Kevin Buckle: What's so bad about a packed Princes Street Gardens?
Every now and again I'll put a picture on Twitter and it gets a far bigger reaction than expected. This week was one of those times and I can only think that it spoke to the ongoing issues over the Ross Bandstand and the use of Princes Street Gardens.
It was something I had used before without too much reaction and despite searching I’ve been unable to find where it originated. The picture in question was simply titled The Bandstand, Princes Street Gardens, Edinburgh (1890) and shows a very busy scene around a packed bandstand.
While I’m broadly in favour of the plans for the Ross Bandstand it wasn’t meant to be a comment on the various stances people are taking but it certainly struck a chord. To be fair, few hammered the point home that a busy Princes Street Gardens was something that has been a part of Edinburgh life for more than a hundred years, choosing just to retweet and let the picture speak for itself.
Some of those against the development commented that they doubted this had been a ticketed event with boards to stop others viewing.
Whatever your thoughts it is a fact that there is no harm in the Gardens being busy and it is just a case of how that is achieved.
The worry is that, as seems to happen so often in Edinburgh, the whole project is delayed when really there is no need. I completely agree that the council has to think carefully about what it does with public spaces and there should be a limit on the number of events but the current figure being bandied about of 200 is no use to anyone.
Small events held inside a building are not a concern and it is the number of bigger more public events that people want to know about.
Also, none of the events held so far have been to my taste and indeed that of many others and it hasn’t been made clear whether smaller music events that cater for a different audience will also be feasible.
It should not be too hard to agree on a number of bigger events where there is some acceptable disruption and then it has to be realistically assessed exactly who are the residents that are being inconvenienced and how can this be minimised. To be honest I’m not entirely sure where these residents live for things to be such a problem.
There is no doubt that the Tattoo causes all sorts of issues from the seating needed to the noise it causes to the congestion that occurs before and after and yet it is rightfully seen as having an overall benefit.
There pros and cons to using Princes Street Gardens for events but another factor that crops up regularly is who will make money from these events.
People are understandably concerned that while a certain amount of money will be needed for maintenance potentially there is money to be made and some if not all of that should go back to the council.
The concerts in the Gardens this year brought pleasure to many thousands of people and almost certainly more locals than the Tattoo.
I can only hope that an agreement is reached sooner rather than later that takes on board the legitimate concerns that have been raised but does not cower to a small but vocal minority.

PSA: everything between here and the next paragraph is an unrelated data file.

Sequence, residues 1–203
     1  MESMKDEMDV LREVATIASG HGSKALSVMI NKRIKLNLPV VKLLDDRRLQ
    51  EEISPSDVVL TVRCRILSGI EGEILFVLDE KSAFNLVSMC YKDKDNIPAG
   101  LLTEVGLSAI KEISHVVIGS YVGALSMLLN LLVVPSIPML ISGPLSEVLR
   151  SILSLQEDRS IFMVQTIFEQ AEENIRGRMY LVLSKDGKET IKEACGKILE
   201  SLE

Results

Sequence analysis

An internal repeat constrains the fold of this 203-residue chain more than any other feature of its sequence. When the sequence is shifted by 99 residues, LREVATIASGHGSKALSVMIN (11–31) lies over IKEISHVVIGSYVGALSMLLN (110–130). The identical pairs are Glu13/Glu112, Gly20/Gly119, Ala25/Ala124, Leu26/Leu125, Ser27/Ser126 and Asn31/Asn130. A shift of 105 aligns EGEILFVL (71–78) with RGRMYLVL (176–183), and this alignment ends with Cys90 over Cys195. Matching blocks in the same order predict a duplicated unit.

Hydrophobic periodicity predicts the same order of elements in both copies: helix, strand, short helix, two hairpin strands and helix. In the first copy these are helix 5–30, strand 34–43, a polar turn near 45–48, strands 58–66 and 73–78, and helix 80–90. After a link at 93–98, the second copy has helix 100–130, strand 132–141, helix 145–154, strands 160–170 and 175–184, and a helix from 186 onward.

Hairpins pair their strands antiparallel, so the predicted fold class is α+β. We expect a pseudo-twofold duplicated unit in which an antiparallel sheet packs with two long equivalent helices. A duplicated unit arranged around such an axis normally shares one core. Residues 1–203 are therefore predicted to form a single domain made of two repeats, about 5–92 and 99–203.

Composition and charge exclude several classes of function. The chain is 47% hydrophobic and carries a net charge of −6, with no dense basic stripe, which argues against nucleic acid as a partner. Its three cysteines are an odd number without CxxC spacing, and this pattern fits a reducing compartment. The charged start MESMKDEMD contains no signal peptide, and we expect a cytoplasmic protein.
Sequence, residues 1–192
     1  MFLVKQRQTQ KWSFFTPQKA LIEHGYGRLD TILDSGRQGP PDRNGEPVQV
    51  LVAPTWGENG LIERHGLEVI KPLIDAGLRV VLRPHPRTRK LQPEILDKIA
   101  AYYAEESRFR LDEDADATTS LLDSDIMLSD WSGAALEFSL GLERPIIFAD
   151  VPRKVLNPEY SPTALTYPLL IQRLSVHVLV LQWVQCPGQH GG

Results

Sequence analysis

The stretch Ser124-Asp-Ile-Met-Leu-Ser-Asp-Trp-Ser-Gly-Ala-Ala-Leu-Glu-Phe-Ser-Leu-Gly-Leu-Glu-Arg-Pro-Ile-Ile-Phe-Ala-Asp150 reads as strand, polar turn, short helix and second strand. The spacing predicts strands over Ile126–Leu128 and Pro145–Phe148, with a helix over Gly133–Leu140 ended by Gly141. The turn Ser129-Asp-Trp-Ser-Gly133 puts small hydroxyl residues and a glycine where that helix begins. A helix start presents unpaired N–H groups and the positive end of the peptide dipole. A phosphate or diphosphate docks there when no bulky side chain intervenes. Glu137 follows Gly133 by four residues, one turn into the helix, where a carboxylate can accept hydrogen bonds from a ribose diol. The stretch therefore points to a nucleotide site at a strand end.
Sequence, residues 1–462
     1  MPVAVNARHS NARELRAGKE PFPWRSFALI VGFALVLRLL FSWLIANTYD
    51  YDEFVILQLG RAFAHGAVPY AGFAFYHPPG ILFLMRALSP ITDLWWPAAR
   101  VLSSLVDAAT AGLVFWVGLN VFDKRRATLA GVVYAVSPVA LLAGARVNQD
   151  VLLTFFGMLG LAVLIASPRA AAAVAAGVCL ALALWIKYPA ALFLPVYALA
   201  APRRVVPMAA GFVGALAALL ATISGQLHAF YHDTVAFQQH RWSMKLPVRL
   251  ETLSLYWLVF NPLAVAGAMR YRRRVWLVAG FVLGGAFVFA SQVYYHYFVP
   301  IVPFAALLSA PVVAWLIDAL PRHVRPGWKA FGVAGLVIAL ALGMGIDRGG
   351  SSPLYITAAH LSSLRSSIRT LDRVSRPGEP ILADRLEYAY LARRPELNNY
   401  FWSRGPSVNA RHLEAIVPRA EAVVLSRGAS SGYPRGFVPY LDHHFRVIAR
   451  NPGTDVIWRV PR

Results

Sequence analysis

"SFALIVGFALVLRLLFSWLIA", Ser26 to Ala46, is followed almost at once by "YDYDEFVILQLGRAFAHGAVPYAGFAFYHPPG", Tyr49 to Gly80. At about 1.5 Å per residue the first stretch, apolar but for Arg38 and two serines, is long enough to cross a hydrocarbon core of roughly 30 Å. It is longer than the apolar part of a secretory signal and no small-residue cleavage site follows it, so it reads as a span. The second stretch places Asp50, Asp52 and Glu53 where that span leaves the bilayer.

Ian Rankin’s back – and that’s no lie
Ian Rankin may only do the occasional gig with his band Best Picture but he is on tour with his new book In A House Of Lies.
Ian will be at the Queen’s Hall on October 16 discussing his new novel and, joined by Ralph BouHaidar, Consultant Forensic Pathologist for NHS Lothian, will be revealing what really happens in a murder investigation.
As an added bonus not only will Ian take the audience through a personal journey of the music that has shaped his life and influenced his novels but he will also play a short set with his band. As if that isn’t enough Ian will also create an exclusive soundtrack for the evening and be signing copies of his new book.
The event starts at 7.30pm. Get tickets from the Queen’s Hall website.
Find a place for a market, Paul
Paul Lawrence, the Director of Place at Edinburgh Council, may have a title some find off-putting but there is no doubt he has extensive experience of other cities, how they are looking to improve and what they have done already.
Consequently when Paul tweeted “Can I just say, if you haven’t been to Les Halles in #Narbonne, you’re missing out big time” I immediately checked that my initial thought that this was a famous indoor market was correct.
Indeed it is one of France’s famous daily indoor food markets and exactly the sort of thing I would regularly get asked about by visitors to Edinburgh. Along with an artists’ market it is clear that a daily indoor market is one of the most important things visitors are looking for and Edinburgh is lacking.
As I’ve said before a good indoor market should of course be just as valuable to locals so it is frustrating that even though it also seems to be a popular idea with the council there appears to be no plans.
As an idea an indoor market may not be as sexy as saving a theatre or cycling in the city centre but I would dare to say it will be more popular and successful should it be given a chance.
If anybody is capable of finding a place for an indoor market surely it should be the Director of Place so hopefully there will be news soon.